Thursday, 28 April 2011

Phone Bombing....

So, I recently used a really excellent company... like one of the best companies I've used for this little task ever... and I've been a recurring customer to them because their face to face service is so good...

But, whenever I've used their online services about 2 days later I get my phone ringing over and over with a withheld number...  I don't answer unidentified numbers... so I leave it...

And it rings...

And Rings...

And RINGS....

Luckily I don't turn the answering service on... so in the end some bright spark their end decides to phone from a regular land line... it's the scottish part of this excellent company... and they totally ruin the great customer service given in person...

In person you're treated nicely, you get spoken to like a person... and then two days later these fuck wits from Scotland phone up, shouting at you in their deranged accents asking "Doooo Yoooo Haaaave Teyme Te Ansa E Foo Kestions Abuut Ye Service Yooo Received?".... And I say "No"...

"Auch c'mon It'll Onlee Take A Minute".

"I've already given my feedback online, and the customer service was excellent, the only thing ruining it is when you guys phone bomb me for a week afterwards.  Stop this part of the feedback mechanism and everything would be superb."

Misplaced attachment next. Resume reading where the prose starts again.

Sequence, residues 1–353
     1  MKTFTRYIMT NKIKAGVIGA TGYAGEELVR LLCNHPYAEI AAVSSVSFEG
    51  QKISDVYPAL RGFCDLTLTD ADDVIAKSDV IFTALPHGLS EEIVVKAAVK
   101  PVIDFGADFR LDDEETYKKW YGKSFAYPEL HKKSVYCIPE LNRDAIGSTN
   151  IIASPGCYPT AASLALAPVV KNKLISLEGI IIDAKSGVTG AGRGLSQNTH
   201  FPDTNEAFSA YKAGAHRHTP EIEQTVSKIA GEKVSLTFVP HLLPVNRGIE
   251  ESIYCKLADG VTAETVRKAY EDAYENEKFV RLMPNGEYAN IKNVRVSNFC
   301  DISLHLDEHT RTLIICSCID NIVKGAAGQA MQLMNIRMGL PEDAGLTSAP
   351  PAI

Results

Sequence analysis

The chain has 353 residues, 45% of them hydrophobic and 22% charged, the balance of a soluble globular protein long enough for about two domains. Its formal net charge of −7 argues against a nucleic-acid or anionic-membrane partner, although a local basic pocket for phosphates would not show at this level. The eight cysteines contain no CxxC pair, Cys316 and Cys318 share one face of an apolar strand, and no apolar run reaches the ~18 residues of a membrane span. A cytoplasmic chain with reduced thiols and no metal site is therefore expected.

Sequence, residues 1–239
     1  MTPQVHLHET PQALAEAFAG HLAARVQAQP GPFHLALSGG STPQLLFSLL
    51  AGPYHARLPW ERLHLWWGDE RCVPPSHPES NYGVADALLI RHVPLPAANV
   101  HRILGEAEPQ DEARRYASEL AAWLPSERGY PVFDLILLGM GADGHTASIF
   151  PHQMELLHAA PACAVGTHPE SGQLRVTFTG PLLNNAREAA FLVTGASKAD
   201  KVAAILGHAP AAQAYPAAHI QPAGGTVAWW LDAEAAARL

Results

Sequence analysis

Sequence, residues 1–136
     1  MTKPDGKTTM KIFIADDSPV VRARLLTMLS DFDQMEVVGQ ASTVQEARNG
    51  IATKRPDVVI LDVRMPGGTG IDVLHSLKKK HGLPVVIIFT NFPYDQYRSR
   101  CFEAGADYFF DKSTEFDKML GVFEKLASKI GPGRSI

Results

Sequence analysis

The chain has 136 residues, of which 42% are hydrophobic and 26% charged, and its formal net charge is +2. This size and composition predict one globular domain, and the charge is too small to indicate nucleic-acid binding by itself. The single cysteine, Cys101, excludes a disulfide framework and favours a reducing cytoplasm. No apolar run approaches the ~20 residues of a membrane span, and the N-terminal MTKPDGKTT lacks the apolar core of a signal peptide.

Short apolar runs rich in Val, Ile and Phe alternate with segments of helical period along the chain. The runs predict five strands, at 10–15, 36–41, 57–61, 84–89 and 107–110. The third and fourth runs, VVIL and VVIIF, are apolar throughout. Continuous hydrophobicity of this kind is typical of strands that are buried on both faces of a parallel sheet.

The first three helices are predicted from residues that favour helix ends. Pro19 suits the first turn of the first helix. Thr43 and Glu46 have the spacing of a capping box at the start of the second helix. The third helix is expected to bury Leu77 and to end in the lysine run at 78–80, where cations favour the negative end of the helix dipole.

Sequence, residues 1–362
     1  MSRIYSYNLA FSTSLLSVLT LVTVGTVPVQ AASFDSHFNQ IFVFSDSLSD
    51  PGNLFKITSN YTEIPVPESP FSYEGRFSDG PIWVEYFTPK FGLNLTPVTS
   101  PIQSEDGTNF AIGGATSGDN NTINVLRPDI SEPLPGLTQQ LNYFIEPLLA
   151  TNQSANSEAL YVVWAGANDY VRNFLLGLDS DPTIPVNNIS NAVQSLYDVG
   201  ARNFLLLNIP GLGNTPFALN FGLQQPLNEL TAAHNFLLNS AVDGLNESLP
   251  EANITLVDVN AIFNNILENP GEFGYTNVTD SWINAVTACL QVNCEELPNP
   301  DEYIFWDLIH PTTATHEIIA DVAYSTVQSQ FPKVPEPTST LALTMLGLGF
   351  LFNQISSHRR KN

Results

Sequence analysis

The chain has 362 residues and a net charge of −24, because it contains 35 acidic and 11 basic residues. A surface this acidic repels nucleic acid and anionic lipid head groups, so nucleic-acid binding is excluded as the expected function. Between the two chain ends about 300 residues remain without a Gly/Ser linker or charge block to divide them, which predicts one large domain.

"What, Canae Ask Ye A Kestion?"

"No, I've already left my feedback online"

"Right, Nae Pleeazin' Sum Peepol"

And she hangs up... yes, yes that's the shocker, this burly voiced kilted barn pot... who sounded for all the Earth like a character from the Simpons... was a woman!

Wednesday, 27 April 2011

Apple Aluminium Keyboard

My Apple Keyboard is slowly dying the space key is working less and less than a British Leyland employee from the 1970's.

I'm disappointed, as I really like the action of the keys.  They've always felt light and flowing, but I guess they can't stand up to just over 2 years of hard programming slog.

I'm in two minds whether to buy a new one.

I've had the keys off to see if there is anything obviously wrong, but nothing springs to attention.

If it were not nearly 2am, I would whack it on the wall to see if I can gee it up a bit.

Wednesday, 20 April 2011

Oh god help him...

A chap whom I work with has an iPhone and he's been a bit loose with his hips (shall we put it that way?) but his wife, whom I also know, is rather techie... so when this little gem popped up on the wire this afternoon...

she innocently swapped his iPhone for hers at lunch.... and she's been doggedly trying to work out how to read this hidden data to work out where he's been... specifically if his penis been to a certain address in Chilwell... 

But having read the Apple Terms and conditions, yes they can do this, but the things they're collecting... it makes the heading of the section a right laugh "Privacy Policy", which basically means 'You do everything we say'.

■ We may collect information such as occupation, language, zip code, area code, unique device identifier, location, and the time zone where an Apple product is used so that we can better understand customer behavior and improve our products, services, and advertising.